By Judy Nelson.
Have you ever thought about the fact that female artists almost never reach the level of fame of their male counterparts? If you are asked to name a few famous artists, you may be likely to only be able to recall only men: such as Raphael, Gogh, Dali and so on. Nevertheless, what about the beautiful half of society?
Did ladies fail in the field of fine art, or were their names deliberately, or by chance, lost in the pages of centuries-old world history?
In fact, the ratio of the women in art to men was always smaller, and thus only a few of them achieved true popularity. In this article, we will talk about the one and only Frida Kahlo, a female artist who conquered the world with her talent and attitude.
The creativity of this woman is amazing. Today Frida Kahlo’s paintings are estimated at millions of dollars, sold at auctions, stored in private collections and exhibited in national museums and galleries around the world. Few people know that a terrible tragedy led to development of her incredible talent. The future artist Frida Kahlo endured hellish physical pain and suffered heartache. These conditions transformed themselves into an intense experience and an unhealthy painting. The life story of Frida Kahlo can be described in term of two big tragedies, 32 operations, and 145 paintings.
Nowadays, people buy paintings of the legendary artist for record sums of money, others – criticize them for excessive cruelty.
A famous Mexican woman artist” “I paint self-portraits because I am so often alone, because I am the person I know best”. In the magical paintings of Frida Kahlo, the wisdom of a woman who has known great grief and great love, and who possesses extraordinary strength and a thirst for life, is reflected. Deep psychological pictures of Frida Kahlo is something completely new in the history of art, which was not apparent before or after her productive period.
When she was eighteen, Frida got into a terrible car accident, as a result of which she remained confined to bed for a long time. A triple fracture of the spine, a triple fracture of the pelvis, eleven fractures of the bones, thirty-two operations, years in plaster, acute pain for life… All the pain, hope, all her mental fractures the woman embodies on the canvas.
Most of Frida’s art is self-portraits, in which she never smiles – and this is not an accident. A girl confined to bed persuaded her father, the photographer Guillermo Kahlo, to tie a special easel to the bed giving her an opportunity to draw whilst lying down, and to nail a mirror to the opposite wall. For many months, Frida’s art world shrank to one room, and the main subject of study was herself.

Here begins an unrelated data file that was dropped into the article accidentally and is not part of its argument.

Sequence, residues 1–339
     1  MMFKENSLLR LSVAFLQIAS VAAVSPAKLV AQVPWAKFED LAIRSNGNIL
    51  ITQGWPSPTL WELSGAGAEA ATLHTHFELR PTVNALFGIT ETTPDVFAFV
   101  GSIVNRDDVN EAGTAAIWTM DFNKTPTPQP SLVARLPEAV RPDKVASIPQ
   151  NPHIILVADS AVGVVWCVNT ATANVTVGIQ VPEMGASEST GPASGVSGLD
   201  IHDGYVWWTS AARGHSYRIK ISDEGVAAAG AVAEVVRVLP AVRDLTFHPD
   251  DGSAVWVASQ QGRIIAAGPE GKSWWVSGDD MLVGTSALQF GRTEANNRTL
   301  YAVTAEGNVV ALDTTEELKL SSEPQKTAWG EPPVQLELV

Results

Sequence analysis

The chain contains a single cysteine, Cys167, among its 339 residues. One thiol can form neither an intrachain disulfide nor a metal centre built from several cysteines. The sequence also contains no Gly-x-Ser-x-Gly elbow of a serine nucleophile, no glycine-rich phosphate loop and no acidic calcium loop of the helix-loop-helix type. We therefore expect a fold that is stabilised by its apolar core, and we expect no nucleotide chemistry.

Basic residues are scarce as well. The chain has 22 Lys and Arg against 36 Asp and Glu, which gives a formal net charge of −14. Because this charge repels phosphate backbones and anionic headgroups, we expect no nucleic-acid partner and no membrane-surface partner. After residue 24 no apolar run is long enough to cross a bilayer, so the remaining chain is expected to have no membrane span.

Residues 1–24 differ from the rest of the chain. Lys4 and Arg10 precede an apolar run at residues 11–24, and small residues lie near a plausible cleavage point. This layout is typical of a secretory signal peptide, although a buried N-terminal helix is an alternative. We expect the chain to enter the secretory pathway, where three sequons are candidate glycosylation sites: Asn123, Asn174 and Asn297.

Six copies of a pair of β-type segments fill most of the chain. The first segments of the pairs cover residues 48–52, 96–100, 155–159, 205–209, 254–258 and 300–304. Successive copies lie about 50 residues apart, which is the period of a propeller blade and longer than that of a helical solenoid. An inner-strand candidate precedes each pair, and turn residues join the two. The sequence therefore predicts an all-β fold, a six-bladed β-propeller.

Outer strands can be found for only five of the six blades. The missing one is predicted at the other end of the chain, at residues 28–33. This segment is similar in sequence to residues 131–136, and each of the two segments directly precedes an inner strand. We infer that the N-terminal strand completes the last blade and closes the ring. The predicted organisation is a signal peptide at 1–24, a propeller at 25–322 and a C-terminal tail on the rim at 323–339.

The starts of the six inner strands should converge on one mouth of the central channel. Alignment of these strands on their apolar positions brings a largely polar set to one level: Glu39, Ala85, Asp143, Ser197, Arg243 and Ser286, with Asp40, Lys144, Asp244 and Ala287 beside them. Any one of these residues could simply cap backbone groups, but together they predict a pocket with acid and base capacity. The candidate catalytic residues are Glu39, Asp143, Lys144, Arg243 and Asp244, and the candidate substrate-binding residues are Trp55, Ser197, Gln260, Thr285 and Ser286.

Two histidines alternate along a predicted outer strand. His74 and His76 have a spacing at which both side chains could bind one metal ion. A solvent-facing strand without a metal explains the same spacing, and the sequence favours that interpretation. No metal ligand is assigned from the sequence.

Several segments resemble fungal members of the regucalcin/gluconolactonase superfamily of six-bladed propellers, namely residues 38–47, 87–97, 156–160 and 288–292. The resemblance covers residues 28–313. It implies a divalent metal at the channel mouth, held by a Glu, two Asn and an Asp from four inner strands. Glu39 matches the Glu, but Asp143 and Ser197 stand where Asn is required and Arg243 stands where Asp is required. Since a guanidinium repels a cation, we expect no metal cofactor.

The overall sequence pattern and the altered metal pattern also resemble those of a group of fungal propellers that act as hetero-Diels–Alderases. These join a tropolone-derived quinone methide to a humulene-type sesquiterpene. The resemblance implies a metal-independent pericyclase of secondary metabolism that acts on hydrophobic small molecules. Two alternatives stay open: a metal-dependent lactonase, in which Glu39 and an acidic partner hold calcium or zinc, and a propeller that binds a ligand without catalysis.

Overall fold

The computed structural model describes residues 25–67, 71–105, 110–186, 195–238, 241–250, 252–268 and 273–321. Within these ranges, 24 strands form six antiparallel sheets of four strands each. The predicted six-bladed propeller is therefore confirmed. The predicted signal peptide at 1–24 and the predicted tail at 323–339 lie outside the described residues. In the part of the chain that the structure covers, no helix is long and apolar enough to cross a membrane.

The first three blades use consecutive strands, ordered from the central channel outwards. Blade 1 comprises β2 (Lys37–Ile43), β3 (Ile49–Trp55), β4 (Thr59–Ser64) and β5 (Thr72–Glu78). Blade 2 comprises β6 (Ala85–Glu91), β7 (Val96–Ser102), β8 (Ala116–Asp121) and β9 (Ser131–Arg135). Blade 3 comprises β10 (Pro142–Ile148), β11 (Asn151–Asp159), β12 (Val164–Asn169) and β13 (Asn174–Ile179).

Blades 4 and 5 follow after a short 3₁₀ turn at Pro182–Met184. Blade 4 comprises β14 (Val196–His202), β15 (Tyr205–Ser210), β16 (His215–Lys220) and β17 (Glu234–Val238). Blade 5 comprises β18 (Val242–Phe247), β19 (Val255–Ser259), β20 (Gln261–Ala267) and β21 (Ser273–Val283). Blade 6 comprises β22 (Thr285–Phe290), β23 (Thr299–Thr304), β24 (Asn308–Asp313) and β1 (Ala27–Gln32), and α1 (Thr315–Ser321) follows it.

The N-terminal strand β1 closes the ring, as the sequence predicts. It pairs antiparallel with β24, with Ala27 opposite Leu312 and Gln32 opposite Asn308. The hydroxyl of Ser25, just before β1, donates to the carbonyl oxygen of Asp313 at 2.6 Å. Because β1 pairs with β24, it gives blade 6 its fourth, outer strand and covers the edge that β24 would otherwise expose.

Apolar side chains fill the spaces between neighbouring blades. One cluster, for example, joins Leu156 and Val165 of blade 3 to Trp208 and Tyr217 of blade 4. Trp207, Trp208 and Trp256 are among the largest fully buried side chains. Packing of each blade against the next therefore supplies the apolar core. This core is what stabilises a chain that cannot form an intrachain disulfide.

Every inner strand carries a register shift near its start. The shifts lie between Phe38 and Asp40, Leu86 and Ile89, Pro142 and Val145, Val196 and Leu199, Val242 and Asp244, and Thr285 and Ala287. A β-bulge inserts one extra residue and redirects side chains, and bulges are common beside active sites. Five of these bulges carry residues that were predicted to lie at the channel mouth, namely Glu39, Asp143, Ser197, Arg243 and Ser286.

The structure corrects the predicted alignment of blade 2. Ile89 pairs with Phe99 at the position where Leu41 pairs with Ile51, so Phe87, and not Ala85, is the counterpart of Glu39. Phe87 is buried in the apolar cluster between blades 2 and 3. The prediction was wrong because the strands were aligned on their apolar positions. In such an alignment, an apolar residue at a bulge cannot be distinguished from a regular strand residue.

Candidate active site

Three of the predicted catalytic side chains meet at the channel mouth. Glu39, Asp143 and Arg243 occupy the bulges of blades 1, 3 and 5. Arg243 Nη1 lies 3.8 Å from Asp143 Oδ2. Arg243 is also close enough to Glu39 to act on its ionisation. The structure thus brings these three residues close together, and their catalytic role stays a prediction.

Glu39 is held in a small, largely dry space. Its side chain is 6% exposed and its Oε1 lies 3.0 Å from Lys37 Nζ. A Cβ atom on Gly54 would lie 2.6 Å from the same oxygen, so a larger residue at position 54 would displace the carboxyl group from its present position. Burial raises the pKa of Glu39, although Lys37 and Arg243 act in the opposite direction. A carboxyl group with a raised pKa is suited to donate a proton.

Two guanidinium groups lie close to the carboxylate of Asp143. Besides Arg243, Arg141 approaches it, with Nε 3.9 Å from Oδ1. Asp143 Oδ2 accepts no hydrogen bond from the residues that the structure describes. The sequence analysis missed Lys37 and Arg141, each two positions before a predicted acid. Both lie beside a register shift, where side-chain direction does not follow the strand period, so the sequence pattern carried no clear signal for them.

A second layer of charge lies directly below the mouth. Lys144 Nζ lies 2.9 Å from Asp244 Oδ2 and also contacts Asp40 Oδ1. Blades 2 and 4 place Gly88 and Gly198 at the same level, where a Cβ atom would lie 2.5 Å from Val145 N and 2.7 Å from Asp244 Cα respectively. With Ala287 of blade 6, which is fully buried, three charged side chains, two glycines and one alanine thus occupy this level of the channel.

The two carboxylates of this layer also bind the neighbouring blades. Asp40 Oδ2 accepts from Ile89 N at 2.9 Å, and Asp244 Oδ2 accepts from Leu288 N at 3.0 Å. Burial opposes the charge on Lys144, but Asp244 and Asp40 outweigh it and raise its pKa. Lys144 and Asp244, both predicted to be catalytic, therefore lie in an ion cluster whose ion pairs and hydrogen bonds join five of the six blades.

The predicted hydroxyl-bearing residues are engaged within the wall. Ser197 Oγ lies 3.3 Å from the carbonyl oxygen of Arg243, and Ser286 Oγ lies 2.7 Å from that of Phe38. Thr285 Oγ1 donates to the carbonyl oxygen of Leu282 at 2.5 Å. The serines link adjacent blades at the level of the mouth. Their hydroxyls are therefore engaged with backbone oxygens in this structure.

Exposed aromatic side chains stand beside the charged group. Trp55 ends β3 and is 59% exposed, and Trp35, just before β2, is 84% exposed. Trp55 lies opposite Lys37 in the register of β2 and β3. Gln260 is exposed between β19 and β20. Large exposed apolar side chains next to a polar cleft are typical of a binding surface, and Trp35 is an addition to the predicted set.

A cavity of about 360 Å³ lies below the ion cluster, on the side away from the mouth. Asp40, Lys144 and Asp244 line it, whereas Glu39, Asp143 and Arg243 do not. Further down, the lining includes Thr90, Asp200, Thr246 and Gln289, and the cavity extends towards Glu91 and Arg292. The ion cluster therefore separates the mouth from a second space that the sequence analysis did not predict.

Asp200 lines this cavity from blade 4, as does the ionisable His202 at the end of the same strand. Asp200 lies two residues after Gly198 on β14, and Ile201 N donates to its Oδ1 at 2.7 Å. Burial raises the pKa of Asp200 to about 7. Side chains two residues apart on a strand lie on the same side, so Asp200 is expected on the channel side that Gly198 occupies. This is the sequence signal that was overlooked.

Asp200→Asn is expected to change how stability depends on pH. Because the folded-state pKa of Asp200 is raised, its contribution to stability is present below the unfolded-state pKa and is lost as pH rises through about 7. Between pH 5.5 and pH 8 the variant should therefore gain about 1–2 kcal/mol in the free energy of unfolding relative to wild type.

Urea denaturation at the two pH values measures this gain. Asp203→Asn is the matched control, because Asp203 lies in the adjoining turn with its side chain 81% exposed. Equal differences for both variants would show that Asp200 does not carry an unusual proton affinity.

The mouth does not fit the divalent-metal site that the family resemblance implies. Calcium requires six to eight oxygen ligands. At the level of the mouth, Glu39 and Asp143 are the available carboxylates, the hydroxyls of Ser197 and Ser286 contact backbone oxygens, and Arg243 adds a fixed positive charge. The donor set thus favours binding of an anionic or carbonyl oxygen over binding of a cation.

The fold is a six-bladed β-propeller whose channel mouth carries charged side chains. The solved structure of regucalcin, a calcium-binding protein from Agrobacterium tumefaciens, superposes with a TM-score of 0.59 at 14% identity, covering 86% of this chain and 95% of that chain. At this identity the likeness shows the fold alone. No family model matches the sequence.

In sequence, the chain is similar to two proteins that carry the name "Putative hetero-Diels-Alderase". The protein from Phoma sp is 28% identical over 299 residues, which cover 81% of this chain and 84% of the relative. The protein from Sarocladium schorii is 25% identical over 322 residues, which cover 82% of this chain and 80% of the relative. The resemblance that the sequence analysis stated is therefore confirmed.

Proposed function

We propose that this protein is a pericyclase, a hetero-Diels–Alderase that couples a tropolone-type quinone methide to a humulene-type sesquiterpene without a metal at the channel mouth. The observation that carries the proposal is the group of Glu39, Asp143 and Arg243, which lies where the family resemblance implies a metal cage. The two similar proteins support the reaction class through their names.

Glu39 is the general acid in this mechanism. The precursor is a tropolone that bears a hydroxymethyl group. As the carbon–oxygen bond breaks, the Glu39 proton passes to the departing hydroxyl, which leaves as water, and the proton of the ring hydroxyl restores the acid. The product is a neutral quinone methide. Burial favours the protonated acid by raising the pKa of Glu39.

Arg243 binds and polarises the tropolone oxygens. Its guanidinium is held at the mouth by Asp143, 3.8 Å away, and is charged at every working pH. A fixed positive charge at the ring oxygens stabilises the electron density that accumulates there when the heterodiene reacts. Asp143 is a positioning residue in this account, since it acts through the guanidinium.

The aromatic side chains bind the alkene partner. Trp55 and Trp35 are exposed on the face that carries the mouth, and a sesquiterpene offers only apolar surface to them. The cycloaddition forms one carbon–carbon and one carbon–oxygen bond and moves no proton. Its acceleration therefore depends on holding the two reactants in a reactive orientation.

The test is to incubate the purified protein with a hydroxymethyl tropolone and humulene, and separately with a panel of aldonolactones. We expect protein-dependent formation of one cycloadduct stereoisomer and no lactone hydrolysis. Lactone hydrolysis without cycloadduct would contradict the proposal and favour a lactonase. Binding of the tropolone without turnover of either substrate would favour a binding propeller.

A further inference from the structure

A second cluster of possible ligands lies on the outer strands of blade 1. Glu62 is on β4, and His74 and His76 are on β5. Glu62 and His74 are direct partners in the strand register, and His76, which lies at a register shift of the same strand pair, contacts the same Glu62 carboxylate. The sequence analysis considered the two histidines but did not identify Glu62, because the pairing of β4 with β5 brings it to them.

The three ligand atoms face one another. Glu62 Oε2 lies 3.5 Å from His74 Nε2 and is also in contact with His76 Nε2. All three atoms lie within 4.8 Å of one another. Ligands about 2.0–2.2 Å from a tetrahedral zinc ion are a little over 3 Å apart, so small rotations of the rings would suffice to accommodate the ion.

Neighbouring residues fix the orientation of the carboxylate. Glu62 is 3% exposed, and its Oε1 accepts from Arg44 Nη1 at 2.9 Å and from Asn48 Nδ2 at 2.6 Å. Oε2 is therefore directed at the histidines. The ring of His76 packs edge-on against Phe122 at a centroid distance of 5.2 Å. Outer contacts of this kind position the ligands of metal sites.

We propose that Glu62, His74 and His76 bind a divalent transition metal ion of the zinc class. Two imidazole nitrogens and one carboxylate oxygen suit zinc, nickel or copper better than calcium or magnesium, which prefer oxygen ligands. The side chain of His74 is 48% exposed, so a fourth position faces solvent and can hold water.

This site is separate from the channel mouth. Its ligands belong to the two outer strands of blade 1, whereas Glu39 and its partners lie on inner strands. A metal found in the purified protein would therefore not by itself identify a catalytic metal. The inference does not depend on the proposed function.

“There have been two great accidents in my life. One was the trolley, and the other was Diego. Diego was by far the worst.”
Her marriage with artist Diego Rivera and Frida was jokingly called the alliance of an elephant and a dove (the famous artist was much taller and thicker than his wife). Diego was teased, being described as a “prince-toad”, but no woman could resist his charm. She knew about the numerous love affairs of her husband, but was only unable to forgive one of them. She demanded a divorce when after ten years of the so-called married life, Diego betrayed his wife with her younger sister Christina.
Just a year later, Diego asked Frida to marry again, and the still-living woman in art proclaimed a condition: marriage without intimacy, life in different parts of the house, material independence from each other. Their relationship was never exemplary, the only thing that might have helped the situation, they were not given. Frida was pregnant three times, and three times suffered miscarriages. Such a situation is not new for women, and their relationship to art. Many famous artists had to sacrifice their family-related ambitions to fully dedicate themselves to art.
“Sometimes I ask myself “was not my art more literary works than paintings? It was something like a diary, a correspondence that I’ve been leading for all my life… My work is the most complete biography I could write”.
The artwork of Frida achieved its popularity during her life. In 1938, in New York, the first art gallery exhibition of her work was held. But, her primary body of work was not exhibited until 1953. By that time, the famous Mexican could not move independently, so on an opening day she was brought on a stretcher and laid in a prepared bed in the center of the hall. Shortly before the, exhibition, due to gangrene, a part of her right foot was amputated: “What are my legs when I have wings behind me!”, she wrote in her diary.
Judy Nelson is a fine art professor at the School of the Art Institute of Chicago. When Judy is not engaged in teaching, she also likes to write art-related articles.